How to Make the Most of Your Credit Card Rewards

Sep 18, 2020

Reading time: 7 Minutes

By guest blogger and Medi-Share member, Philip "PT" Taylor 


Credit cards aren’t all bad. They come with some valuable perks if you use them right. Taking advantage of credit cards (responsibly) can not only be a convenience to you, but they can also give you financial benefits like cash back and travel benefits.


Taking the time to understand some of the best practices can help you make the most of your credit card rewards. Choosing the right cards for you and managing the reward programs well could make you several hundred dollars every year.


Here are some tips to learn how to make the most of your credit card rewards.


1. Understand the Rewards You Will Earn

Maintaining a baseline understanding of the credit cards you have and the benefits they give you is crucial. Knowing what you will get out of a credit card helps you create a strategy for how to best use your credit cards. To get the most out of your reward cards, you need to know which card will reap the most reward for the type of spending you are doing.


Due to the impacts of COVID-19, credit card reward programs are adjusting to new spending. With everyone staying home, eating out less, and shopping online more, credit card companies add or change benefits frequently. For example, right now, you may get higher cash back for grocery shopping versus travel. Staying up-to-date on your card programs is crucial to get the most out of your credit card rewards.


The credit card company’s website is the easiest way to get the latest updates on rewards. It’s a hub of information on the ways to get more value out of your card. Companies will often give gift cards or travel purchase discounts when they are done through their portal.


person paying with credit card


2. Know Your Spending Habits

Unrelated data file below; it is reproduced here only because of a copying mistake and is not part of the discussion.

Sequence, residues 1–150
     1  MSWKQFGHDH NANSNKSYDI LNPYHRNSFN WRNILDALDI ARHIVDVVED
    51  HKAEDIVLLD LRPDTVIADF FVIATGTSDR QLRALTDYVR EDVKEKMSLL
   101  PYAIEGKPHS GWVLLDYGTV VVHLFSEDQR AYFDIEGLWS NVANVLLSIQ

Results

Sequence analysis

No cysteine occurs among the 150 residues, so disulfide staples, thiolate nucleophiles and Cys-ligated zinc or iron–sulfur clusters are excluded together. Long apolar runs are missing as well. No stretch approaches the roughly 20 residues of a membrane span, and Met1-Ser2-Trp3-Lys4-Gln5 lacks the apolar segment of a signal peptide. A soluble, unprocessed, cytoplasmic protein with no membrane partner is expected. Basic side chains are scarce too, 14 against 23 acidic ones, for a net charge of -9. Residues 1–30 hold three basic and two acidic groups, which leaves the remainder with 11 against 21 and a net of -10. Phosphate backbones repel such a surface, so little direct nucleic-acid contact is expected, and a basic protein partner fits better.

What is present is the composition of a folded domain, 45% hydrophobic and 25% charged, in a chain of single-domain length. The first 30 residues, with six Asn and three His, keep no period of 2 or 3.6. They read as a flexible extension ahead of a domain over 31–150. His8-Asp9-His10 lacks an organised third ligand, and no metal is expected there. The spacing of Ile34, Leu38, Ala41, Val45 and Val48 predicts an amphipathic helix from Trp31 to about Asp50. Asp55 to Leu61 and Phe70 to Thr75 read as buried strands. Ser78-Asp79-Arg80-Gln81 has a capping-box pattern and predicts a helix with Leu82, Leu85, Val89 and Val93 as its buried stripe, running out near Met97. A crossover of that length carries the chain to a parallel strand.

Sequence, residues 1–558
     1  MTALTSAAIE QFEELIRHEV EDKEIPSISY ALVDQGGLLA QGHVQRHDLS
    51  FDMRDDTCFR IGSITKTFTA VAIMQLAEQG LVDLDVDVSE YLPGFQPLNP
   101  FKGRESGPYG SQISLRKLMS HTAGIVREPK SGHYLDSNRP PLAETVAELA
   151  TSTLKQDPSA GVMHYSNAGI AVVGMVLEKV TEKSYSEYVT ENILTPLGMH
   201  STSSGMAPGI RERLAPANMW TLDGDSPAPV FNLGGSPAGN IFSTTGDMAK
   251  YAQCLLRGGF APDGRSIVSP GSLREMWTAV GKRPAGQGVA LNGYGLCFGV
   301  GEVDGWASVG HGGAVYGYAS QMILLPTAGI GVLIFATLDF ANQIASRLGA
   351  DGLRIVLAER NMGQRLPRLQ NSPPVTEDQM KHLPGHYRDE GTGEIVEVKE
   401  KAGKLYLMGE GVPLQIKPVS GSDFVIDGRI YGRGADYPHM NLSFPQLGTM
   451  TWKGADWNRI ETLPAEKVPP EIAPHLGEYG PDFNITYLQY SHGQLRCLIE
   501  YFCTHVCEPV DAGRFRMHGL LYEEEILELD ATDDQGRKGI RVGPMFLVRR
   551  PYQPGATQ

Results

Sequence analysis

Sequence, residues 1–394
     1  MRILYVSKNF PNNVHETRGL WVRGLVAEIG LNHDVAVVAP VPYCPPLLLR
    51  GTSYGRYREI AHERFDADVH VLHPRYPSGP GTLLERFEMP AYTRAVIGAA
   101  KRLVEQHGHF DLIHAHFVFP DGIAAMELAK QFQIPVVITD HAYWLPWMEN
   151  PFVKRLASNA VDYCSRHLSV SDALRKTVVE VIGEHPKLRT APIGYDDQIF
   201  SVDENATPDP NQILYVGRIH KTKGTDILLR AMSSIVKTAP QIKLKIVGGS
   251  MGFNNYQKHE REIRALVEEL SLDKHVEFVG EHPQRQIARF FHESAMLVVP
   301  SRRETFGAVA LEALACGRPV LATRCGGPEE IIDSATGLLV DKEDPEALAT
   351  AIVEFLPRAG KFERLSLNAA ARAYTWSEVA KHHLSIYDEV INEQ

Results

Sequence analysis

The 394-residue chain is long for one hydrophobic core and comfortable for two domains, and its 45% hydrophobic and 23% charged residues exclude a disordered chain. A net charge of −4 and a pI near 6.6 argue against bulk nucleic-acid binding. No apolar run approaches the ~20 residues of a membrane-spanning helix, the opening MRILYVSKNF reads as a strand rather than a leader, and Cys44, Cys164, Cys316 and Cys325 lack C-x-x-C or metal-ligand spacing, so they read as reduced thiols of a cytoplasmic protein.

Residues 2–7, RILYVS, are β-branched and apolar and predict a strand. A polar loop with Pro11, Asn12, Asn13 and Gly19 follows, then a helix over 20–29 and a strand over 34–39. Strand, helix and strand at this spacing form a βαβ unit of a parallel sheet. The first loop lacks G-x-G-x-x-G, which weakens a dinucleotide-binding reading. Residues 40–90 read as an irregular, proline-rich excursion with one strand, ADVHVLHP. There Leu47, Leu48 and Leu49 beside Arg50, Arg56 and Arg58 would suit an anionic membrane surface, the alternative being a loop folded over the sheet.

Being honest about the type of spender you are is a smart move when it comes to card rewards. Your spending habits can help you determine the best credit card offer for you and your lifestyle.


Here are a few questions to ask yourself before you make a rewards card commitment:


  • How often do you travel?
  • How frequently do you fly or have hotel stays?
  • Do you commute and have higher gas spending?
  • Do you eat out a lot?
  • Do you use a particular airline or grocery store?
  • Do you shop on Amazon a lot?


Asking yourself these questions helps you pick a rewards card that is right for you. The questions also help you determine reward cards that you will receive the most benefit from. If you don’t travel often, then a travel reward card might not be as beneficial to you as a reward card for gas.


Be mindful of your changing spending habits with the pandemic. Think about the rewards you would get the most financial benefit out of. With social distancing, you may not be commuting to work but are now spending more on groceries so you could use more cash back.


3. Do Not Carry a Balance

Rule number one of credit card use is: Don’t carry a balance on your card. Every month, you should pay your credit card balance in full.


Carrying a credit card balance means you are living beyond your means. You are spending more money than you make in a month. When you have a balance on your credit card, it means you will be charged interest. And paying interest on the balance could make the rewards you earn all for not.


There may be situations where you need to charge out of the ordinary expenses on your credit card. But don’t make it a habit and have a plan to pay it back quickly. If you don’t pay your credit card balance off every month, you will go into debt.


4. Don’t Spend Money for the Rewards Alone